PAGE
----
In addition to Haynes and Bonsignori, study authors from Duke include Kevin Wiehe, Guang Yang, Daniel M. Kozink, Florence Perrin, Abby J. Cooper, Kwan-Ki Hwang, Xi Chen, Mengfei Liu, Robert J. Parks, Joshua Eudailey, Minyue Wang, Megan Clowse, Lisa G. Criscione-Schreiber, M. Anthony Moody, Feng Gao, Garnett Kelsoe, Laurent Verkoczy, Georgia D. Tomaras, Hua-Xin Liao, and David C. Montefiori. Other authors include Sabastian K. Grimm and Margaret E. Ackerman from Dartmouth College; Rebecca Lynch, Krisha McKee and John R. Mascola from the Vaccine Research Center of the National Institute of Allergy and Infectious Diseases; and Scott D. Boyd of Stanford University.

The National Institute of Allergy and Infectious Diseases funded the study (AI067854 and AI100645).


Story Source:

The above story is based on materials provided by Duke Medicine. Note: Materials may be edited for content and length.


Journal Reference:

  1. Mattia Bonsignori, Kevin Wiehe, Sebastian K. Grimm, Rebecca Lynch, Guang Yang, Daniel M. Kozink, Florence Perrin, Abby J. Cooper, Kwan-Ki Hwang, Xi Chen, Mengfei Liu, Krisha McKee, Robert J. Parks, Joshua Eudailey, Minyue Wang, Megan Clowse, Lisa G. Criscione-Schreiber, M. Anthony Moody, Margaret E. Ackerman, Scott D. Boyd, Feng Gao, Garnett Kelsoe, Laurent Verkoczy, Georgia D. Tomaras, Hua-Xin Liao, Thomas B. Kepler, David C. Montefiori, John R. Mascola, Barton F. Haynes. An autoreactive antibody from an SLE/HIV-1 individual broadly neutralizes HIV-1. Journal of Clinical Investigation, 2014; DOI: 10.1172/JCI73441

Cite This Page:

Duke Medicine. "Unique individual with lupus and HIV demonstrates desired immune response to HIV." ScienceDaily. ScienceDaily, 10 March 2014. <www.sciencedaily.com/releases/2014/03/140310182542.htm>.
Duke Medicine. (2014, March 10). Unique individual with lupus and HIV demonstrates desired immune response to HIV. ScienceDaily. Retrieved September 3, 2014 from www.sciencedaily.com/releases/2014/03/140310182542.htm
Duke Medicine. "Unique individual with lupus and HIV demonstrates desired immune response to HIV." ScienceDaily. www.sciencedaily.com/releases/2014/03/140310182542.htm (accessed September 3, 2014).

Share This



More Health & Medicine News

Wednesday, September 3, 2014

Featured Research

from universities, journals, and other organizations


Featured Videos

from AP, Reuters, AFP, and other news services

Snack Attack: Study Says Action Movies Make You Snack More

Snack Attack: Study Says Action Movies Make You Snack More

Newsy (Sep. 2, 2014) You're more likely to gain weight while watching action flicks than you are watching other types of programming, says a new study published in JAMA. Video provided by Newsy
Powered by NewsLook.com
U.N. Says Ebola Travel Restrictions Will Cause Food Shortage

U.N. Says Ebola Travel Restrictions Will Cause Food Shortage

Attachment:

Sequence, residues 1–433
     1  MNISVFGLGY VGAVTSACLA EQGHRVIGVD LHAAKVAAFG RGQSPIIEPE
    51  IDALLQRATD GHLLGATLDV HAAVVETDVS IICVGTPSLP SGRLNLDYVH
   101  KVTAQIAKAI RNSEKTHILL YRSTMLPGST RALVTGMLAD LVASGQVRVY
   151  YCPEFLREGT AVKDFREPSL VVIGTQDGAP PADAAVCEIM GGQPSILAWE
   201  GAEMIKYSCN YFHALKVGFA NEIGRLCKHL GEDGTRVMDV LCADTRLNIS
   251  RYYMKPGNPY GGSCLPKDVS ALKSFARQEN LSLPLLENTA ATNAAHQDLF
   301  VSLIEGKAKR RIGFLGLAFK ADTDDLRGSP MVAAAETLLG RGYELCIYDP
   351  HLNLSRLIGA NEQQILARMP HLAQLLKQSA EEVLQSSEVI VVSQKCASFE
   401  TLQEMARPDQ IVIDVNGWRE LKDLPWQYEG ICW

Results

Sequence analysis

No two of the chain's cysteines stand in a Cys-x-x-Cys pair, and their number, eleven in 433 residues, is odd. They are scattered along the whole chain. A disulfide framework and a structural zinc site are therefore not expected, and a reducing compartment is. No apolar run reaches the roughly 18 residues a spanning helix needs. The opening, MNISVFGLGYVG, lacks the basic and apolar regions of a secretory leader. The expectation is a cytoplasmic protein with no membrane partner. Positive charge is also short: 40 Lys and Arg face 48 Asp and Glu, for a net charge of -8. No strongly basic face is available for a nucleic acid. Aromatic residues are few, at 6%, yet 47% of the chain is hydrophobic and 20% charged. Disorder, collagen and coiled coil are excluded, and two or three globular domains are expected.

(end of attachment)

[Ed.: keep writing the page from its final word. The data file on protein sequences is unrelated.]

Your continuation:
Newsy (Sep. 2, 2014) The U.N. says the problem is two-fold — quarantine zones and travel restrictions are limiting the movement of both people and food. Video provided by Newsy
Powered by NewsLook.com
Doctors Fear They're Losing Battle Against Ebola

Doctors Fear They're Losing Battle Against Ebola

AP (Sep. 2, 2014) As a third American missionary is confirmed to have contracted Ebola in Liberia, doctors on the ground in West Africa fear they're losing the battle against the outbreak. (Sept. 2) Video provided by AP
Powered by NewsLook.com
Tech Giants Bet on 3D Headsets for Gaming, Healthcare

Tech Giants Bet on 3D Headsets for Gaming, Healthcare

AFP (Sep. 2, 2014) When Facebook acquired the virtual reality hardware developer Oculus VR in March for $2 billion, CEO Mark Zuckerberg hailed the firm's technology as "a new communication platform." Duration: 02:24 Video provided by AFP
Powered by NewsLook.com

Search ScienceDaily

Number of stories in archives: 140,361

Find with keyword(s):
Enter a keyword or phrase to search ScienceDaily for related topics and research stories.

Save/Print:
Share:

Breaking News:
from the past week

In Other News

... from NewsDaily.com

Science News

Health News

Environment News

Technology News



Save/Print:
Share:

Free Subscriptions


Get the latest science news with ScienceDaily's free email newsletters, updated daily and weekly. Or view hourly updated newsfeeds in your RSS reader:

Get Social & Mobile


Keep up to date with the latest news from ScienceDaily via social networks and mobile apps:

Have Feedback?


Tell us what you think of ScienceDaily -- we welcome both positive and negative comments. Have any problems using the site? Questions?
Mobile: iPhone Android Web
Follow: Facebook Twitter Google+
Subscribe: RSS Feeds Email Newsletters
Latest Headlines Health & Medicine Mind & Brain Space & Time Matter & Energy Computers & Math Plants & Animals Earth & Climate Fossils & Ruins